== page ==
Pan Handle Smith is a gun-fighter and “might have rode up this Trail with Jesse Chisholm an been doin’ it ever since.” Giff MacShane told me that Pan is Pecos Smith in West of the Pecos. When Adam hires him, Smith is looking to get out of San Antonio. Gun-fighters weren’t bad guys/gals per se. “Pan Handle Smith had been outlawed, but he had really been more sinned against than sinning.” During the story, Smith calms tempers in both cattle and feisty teen-agers and supports Shipman as foreman.

The Uvalde quintet are “de finest an’ fightenest boys I ever seen,“. Their leader is Deuce Ackerman who “appeared to be the most forceful personality“, a quality needed to handle his friends. We see more of him than the other four. San Sabe comes a close second. San Sabe “had Indian or Mexican blood, and his lean shape wore the stamp of vaquero.” He has a lovely voice and it works wonders “That was the magic by which the trail drivers soothed the restless long-horns.” Rolly Little is “small and round. He had yellow hair, a freckled face, and flashing brown eyes, as sharp as daggers.” Ben Chandler is a “typical Texas youth, long, rangy, loose-jointed, of sandy complexion and hair, and eyes of clear, light blue“. His drinking problem gets him into serious trouble with Deuce, Joe and Adam. Roy Hallett is the last of the five. He is “a quiet, somber, negative youth“.

In addition, Adam is joined by Hal Bender, “the tenderfoot from Pennsylvania, appeared to be a hulking youth, good natured and friendly, though rather shy“, and Whittaker (no first name) was “a red-faced, sleepy-eyed, young rider of twenty-two, notable for his superb physique“. Finally, at Pecan Swale, their first stop, their last addition in the form of Reddie Bayne arrives: “Before the rider stopped Brite answered to a presagement not at all rare in him—that there were meetings and meetings along the trail. This one was an event.” Brite is correct in his presentiment. No Reddie, no The Trail Driver.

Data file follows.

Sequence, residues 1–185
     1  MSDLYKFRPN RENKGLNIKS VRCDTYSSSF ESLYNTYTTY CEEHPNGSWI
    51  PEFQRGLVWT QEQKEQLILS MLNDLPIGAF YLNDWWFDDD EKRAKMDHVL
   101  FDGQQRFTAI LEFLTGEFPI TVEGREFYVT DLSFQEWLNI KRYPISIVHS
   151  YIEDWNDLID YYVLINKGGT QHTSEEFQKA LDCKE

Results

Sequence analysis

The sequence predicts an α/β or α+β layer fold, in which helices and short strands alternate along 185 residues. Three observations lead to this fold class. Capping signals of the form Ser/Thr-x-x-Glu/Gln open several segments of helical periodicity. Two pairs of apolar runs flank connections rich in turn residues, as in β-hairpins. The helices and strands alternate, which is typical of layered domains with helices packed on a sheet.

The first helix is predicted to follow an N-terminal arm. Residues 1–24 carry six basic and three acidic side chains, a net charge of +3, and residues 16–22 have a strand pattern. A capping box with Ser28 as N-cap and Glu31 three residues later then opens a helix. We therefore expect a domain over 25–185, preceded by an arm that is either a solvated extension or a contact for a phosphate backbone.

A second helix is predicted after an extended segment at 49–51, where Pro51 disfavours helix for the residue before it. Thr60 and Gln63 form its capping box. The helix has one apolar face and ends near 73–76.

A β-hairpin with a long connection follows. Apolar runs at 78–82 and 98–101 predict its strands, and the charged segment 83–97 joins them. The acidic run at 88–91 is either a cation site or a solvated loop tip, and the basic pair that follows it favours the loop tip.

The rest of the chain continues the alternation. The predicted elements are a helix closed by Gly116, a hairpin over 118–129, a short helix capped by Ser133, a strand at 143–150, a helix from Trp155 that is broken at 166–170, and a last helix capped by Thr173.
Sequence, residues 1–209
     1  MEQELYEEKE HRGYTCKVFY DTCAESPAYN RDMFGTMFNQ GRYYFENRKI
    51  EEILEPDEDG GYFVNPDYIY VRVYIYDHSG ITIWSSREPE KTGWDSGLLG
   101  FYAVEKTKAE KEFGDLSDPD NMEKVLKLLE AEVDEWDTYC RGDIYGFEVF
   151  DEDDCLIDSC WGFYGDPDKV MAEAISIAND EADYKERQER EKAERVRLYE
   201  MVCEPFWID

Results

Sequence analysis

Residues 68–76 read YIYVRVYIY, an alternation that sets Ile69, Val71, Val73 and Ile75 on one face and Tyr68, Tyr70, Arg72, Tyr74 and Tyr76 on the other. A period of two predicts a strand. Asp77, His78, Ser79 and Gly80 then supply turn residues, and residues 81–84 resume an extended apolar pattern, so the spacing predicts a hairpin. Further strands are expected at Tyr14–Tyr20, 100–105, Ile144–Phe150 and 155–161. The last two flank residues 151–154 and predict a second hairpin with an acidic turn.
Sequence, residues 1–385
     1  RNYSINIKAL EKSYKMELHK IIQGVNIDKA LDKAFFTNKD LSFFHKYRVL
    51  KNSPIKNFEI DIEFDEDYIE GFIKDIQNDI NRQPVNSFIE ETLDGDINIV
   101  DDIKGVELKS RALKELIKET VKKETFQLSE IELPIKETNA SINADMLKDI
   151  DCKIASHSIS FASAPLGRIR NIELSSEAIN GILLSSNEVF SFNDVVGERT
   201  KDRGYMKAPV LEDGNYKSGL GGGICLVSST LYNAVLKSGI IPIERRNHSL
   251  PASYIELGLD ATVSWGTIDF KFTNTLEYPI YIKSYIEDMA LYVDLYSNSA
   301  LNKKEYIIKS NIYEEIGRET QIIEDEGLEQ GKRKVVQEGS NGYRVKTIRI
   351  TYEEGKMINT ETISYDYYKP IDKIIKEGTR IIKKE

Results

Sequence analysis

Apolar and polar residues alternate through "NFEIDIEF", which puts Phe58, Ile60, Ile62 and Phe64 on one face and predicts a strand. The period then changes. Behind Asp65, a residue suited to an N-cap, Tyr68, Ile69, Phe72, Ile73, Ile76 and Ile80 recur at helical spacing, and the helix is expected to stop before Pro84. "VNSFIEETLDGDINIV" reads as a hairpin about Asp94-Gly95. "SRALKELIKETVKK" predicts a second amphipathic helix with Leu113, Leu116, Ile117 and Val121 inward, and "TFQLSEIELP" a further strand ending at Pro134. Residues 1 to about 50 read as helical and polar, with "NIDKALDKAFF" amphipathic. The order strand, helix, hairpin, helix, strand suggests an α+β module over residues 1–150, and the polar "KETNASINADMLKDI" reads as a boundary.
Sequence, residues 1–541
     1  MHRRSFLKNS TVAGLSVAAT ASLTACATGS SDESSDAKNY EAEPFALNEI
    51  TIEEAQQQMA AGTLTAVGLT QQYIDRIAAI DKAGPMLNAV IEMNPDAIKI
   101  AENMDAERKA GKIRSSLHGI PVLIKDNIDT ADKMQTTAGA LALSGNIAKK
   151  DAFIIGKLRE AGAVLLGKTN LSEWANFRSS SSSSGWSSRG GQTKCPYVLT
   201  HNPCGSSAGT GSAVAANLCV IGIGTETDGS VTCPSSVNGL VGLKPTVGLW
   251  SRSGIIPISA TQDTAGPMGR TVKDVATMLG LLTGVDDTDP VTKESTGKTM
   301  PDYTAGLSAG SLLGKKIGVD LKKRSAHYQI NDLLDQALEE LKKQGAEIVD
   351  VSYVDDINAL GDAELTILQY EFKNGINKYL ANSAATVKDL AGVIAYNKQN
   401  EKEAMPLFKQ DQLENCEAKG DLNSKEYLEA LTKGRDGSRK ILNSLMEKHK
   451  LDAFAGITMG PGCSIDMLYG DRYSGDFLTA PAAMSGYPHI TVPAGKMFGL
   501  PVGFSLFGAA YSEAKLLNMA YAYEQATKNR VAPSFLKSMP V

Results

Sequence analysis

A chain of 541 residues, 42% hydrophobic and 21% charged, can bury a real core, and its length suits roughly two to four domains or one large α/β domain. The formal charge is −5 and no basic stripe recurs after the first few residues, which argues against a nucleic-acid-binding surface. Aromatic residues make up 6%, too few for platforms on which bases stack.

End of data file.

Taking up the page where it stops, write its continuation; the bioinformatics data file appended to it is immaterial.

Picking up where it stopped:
Artist: Edward Rapier, July 27, 1878

Artist: Edward Rapier, July 27, 1878

Shortly after the arrival of Reddie, Grey reveals that Bayne is a girl. While not common, women on the trail were a known phenomenon. They chose this tough life for many reasons. “An’ I got the idee pretendin’ to be a boy would make it easier. Thet helped a lot. But I’d always get found oot.” Turns out the last boss who found her out wants her back. Wallen, a rancher from Braseda, is a nasty guy. He rides into the camp at Pecan Swale demanding Reddie: “… I want this rider, Reddie Bayne. He come to me in a deal I made with Jones at Braseda.” At this point the crew learns that Reddie is a girl. Adam has known it for some time.

Wallen is joined by Ross Hite. Ross is a cattle- and mustang-rustler. “Humph! Mebbe Hite is at the haid of this new game,” declared the boss, seriously. “Cattle-drivers sometimes lose half their stock from stampeders. I’ve heahed of one whole herd bein’ stole.” To add to the tension of the story, Grey throws in Comanche raiders.

The Indian mustangs were haltered to the saplings at the edge of the glade. What a ragged, wild-eyed bunch! They had nothing but halters. These they strained against at every rifle-shot. And more than a few of them faced the covert where the drivers lay in ambush. They had caught a scent of the whites. Heads were pointed, ears high, nostrils quivering.

Even the weather conspires to make life miserable for the drivers. In real life, the weather and ornery nature of the long-horns were enough of a challenge on most drives.